Richard Bucker

Principle of Least Privilege

Posted at — Oct 6, 2021

I was reading a doc Security in Chrome OS when I read the statement:

Chrome OS enforces a clear separation between the root or supervisor user in the underlying Linux system, and the operating system kernel. This is another case of enforcing the principle of least privilege.

As I consider all the crazy things sysadmins do to deploy applications from chroot to containers and such it always seems to come down to doing things that seem unnatural in a technical way. I know I spend too much time as root and I also know that making a user an “administrator” merely hides the “role” from the security intent.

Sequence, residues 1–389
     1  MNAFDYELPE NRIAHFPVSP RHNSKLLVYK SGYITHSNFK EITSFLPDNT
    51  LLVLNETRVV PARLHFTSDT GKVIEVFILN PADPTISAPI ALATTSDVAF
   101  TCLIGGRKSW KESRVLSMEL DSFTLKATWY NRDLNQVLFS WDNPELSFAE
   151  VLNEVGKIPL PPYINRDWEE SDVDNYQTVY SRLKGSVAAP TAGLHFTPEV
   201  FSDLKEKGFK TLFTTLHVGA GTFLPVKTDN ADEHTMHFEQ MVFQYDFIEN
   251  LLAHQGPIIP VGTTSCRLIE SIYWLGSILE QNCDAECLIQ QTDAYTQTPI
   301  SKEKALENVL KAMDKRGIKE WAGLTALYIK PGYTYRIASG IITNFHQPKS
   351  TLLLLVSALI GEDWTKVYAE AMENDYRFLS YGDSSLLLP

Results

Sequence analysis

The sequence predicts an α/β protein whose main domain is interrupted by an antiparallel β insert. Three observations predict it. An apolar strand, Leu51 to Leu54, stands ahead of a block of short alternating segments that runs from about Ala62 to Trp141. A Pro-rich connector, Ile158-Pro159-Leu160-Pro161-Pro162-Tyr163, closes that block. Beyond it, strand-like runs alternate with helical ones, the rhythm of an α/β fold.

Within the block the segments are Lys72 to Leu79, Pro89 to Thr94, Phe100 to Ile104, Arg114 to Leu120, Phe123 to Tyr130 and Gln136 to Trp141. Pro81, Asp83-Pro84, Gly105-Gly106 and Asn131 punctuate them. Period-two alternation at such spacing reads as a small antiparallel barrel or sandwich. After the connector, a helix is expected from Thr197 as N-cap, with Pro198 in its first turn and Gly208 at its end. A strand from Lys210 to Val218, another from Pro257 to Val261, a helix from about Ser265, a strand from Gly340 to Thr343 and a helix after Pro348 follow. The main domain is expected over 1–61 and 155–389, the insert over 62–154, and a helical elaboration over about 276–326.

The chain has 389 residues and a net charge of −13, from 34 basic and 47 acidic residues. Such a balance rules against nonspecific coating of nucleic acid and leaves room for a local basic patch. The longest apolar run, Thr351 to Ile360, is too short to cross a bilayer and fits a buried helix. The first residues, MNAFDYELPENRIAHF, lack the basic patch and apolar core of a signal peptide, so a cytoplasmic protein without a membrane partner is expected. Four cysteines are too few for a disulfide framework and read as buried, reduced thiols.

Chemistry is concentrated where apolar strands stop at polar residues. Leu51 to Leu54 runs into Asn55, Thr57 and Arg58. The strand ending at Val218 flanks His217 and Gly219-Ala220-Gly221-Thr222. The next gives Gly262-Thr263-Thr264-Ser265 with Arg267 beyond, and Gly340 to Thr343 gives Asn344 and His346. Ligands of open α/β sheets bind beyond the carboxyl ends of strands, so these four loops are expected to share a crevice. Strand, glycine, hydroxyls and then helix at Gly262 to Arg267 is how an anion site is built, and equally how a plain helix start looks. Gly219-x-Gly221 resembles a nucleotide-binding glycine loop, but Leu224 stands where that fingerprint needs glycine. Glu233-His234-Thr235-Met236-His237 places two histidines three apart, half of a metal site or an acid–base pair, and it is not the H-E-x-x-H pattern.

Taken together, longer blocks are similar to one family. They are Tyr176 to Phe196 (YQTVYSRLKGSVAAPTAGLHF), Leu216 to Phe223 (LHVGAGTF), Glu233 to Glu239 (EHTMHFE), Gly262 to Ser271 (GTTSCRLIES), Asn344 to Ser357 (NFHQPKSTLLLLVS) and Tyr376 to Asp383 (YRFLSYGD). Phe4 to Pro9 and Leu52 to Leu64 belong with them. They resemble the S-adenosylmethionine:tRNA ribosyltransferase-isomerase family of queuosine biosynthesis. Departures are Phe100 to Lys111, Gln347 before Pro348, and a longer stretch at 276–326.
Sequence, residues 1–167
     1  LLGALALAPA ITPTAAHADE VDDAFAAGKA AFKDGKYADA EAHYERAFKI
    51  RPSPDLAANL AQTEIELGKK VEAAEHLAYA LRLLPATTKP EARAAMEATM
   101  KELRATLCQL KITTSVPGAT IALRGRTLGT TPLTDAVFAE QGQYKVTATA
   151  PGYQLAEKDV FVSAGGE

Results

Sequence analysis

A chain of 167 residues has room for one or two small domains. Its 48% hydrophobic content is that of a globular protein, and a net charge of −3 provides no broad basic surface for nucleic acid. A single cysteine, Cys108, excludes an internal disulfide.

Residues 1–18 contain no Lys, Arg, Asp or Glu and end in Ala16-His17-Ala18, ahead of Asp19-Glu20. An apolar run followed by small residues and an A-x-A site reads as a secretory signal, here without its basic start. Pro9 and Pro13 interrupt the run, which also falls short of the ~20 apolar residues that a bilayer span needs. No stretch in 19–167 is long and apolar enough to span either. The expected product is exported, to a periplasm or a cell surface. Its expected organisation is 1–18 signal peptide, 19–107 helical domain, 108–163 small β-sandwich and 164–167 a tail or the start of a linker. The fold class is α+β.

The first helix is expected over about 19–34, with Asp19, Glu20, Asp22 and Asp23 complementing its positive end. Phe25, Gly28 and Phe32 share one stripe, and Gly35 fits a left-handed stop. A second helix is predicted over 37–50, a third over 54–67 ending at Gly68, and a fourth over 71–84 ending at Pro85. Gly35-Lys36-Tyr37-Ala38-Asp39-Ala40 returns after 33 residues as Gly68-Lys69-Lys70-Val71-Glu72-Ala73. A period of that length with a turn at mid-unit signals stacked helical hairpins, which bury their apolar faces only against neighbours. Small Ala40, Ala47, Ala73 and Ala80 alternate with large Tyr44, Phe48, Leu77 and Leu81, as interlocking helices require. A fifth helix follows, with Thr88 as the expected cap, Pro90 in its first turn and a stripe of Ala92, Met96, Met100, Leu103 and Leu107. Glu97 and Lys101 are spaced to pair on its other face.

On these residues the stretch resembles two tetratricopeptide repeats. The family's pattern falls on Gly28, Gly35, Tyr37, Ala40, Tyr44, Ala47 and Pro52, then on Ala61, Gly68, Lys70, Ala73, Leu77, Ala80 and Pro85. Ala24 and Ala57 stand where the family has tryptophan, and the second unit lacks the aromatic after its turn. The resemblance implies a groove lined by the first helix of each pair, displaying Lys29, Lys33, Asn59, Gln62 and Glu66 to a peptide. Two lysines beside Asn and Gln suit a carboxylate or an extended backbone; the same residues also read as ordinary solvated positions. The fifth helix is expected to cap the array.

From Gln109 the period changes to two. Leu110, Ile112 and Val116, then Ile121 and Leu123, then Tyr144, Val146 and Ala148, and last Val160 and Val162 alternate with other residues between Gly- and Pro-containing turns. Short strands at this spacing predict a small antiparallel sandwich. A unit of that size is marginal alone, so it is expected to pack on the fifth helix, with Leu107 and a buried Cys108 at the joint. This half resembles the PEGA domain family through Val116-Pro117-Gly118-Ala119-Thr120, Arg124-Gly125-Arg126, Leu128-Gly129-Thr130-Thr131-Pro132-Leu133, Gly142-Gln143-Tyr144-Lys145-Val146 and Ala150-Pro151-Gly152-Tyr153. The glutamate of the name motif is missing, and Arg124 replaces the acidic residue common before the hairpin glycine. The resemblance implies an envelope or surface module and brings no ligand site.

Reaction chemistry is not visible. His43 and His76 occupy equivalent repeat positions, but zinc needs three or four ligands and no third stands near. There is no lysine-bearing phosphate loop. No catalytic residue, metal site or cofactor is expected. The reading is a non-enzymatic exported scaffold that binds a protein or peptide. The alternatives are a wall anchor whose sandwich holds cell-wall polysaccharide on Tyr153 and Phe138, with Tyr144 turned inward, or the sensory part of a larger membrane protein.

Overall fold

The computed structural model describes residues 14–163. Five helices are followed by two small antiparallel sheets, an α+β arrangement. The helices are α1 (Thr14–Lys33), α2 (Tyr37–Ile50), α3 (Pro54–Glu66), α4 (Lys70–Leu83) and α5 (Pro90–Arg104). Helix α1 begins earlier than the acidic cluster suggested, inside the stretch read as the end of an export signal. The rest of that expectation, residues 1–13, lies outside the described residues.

In an upcoming project deployment I will create a user per application with an application home directory. This will effectively sandbox each application in user space. From that point I can decide whether to chroot or not (trust in the code supply chain). One challenge will be launching the application… depending on the distribution it’ll be daemontools-like or systemd. While this is not ideal from a “role” security model but it does set the framework and does not artificaially wrap the app in root… with some smarts the service engine could be configured in a way similar to itself.